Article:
In the opening line from 28: Stories of AIDS in Africa, author Stephanie Nolen illustrates a feeling many of us understand. “I looked at AIDS in Africa for a long time before I understood what I was seeing,” she writes. Nolen is an award-winning journalist who has spent the past several years as our eyes and ears on the AIDS pandemic in Africa. As the Africa correspondent for the Globe and Mail, Nolen has written many articles on the ruthless disease that involves people we easily ignore. “It targets subjects we least like to discuss—the drugs we inject, the sex we have, especially the sex with people we aren’t supposed to have sex with—and the interaction least open to honest discussion.”
Earlier this week, Nolen was the keynote speaker at HIV/AIDS: Stories From the Field, a fundraising event hosted by the Institute of Cultural Affairs. Nolen regaled the audience at St. Paul’s Bloor Street Church with tales for her new book that tells the stories of 28 people, one for each million living with HIV/AIDS in Africa. Nolen spoke passionately about the pandemic that most of the world has greatly ignored. “The G8 commitment to the pandemic is very big at the press conference and completely hollow when it comes to writing the cheque,” she said. She specifically called out Canada as being particularly disappointing aid provider. “Canada is the only country to fail to commit the minimum .07% of GDP to aid in Africa,” she said. “As if .07% is real aid anyway.”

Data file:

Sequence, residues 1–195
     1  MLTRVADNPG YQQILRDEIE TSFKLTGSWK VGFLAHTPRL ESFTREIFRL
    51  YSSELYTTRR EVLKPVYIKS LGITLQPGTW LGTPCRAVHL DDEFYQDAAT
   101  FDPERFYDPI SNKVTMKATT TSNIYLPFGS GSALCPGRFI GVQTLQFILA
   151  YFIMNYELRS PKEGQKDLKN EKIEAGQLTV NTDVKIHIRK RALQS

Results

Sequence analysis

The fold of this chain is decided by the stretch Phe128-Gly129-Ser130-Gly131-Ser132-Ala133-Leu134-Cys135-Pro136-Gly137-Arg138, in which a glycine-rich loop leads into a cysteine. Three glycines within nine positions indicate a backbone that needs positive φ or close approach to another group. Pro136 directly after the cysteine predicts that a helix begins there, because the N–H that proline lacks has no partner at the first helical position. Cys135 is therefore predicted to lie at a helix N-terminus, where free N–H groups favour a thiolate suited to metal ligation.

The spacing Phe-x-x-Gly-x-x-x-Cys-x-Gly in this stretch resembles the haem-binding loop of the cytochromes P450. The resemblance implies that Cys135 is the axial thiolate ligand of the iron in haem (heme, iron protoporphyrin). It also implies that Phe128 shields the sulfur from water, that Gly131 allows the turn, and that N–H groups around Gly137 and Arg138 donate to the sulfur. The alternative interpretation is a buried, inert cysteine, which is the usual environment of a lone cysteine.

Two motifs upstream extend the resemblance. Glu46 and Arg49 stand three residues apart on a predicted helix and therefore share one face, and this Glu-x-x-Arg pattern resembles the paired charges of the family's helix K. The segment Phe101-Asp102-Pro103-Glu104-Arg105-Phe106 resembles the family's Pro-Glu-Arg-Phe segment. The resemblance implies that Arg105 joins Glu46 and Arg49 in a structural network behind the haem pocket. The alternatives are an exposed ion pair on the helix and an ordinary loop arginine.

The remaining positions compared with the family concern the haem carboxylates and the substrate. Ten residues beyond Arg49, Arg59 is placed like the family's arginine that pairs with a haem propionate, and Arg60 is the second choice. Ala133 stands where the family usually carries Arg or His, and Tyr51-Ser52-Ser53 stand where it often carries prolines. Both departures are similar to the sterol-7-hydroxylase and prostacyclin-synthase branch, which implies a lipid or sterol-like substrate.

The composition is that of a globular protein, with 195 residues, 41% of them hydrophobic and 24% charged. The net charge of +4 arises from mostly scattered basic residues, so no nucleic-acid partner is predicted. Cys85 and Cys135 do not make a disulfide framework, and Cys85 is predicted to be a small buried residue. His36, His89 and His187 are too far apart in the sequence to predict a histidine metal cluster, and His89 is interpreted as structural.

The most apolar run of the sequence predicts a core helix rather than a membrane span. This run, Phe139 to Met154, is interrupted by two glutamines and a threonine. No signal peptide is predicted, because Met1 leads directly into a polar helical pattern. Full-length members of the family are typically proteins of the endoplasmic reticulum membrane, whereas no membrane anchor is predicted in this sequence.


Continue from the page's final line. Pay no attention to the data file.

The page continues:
Nolen’s most effective point of her speech was when she relayed a message from one of her African colleagues. Before she left for Canada, she asked him what he would say to a group of concerned Canadians. “Actually, we don’t need your help,” replied the Malawian AIDS activist. “We need you to get out of the way. Just stop making it worse.” Nolen went on to describe the counterproductive ways in which aid efforts have been more hindrance than helping hand. “My country is desperately working to develop an agricultural sector,” he said. “[But] your country subsidizes farmers and dumps all your surplus agricultural product in my country.”
Nolen explained that if African farmers started growing carnations or avocados or other high value products to export, the import restrictions implemented by the Canadian government would prevents African agricultural sustainability. “[G8] countries dump their excess agricultural product in developing countries despite record harvest which depresses the prices,” she said.
Nolen’s speech was loaded with examples of misguided relief efforts. Prior to referencing Shopper’s Drug Mart’s plan to recruit South African pharmacists when that country is in desperate need of pharmacists, Nolen accused the International Monetary Fund (in which Canada is a board member) for handicapping the HIV/AIDS support system. “In Kenya, there is a desperate need for nurses,” she said. “There are thousands of unemployed nurses and they can’t be hired because the IMF puts a cap on how many public sector jobs there are […] and how many people they’re allowed to hire. So they have all these HIV clinics that are unstaffed and all of these out of work nurses, and the IMF won’t let them work.”
Nolen’s defining message is that concerned individuals, groups and governments need to rethink the ways in which we help. Education and sensitivity must dominate future AIDS relief movements and our entire attitude towards the pandemic must be revamped. In her own words, AIDS must now be understood as “not an event or a series of them; it’s a mirror held up to the cultures and societies we build.”
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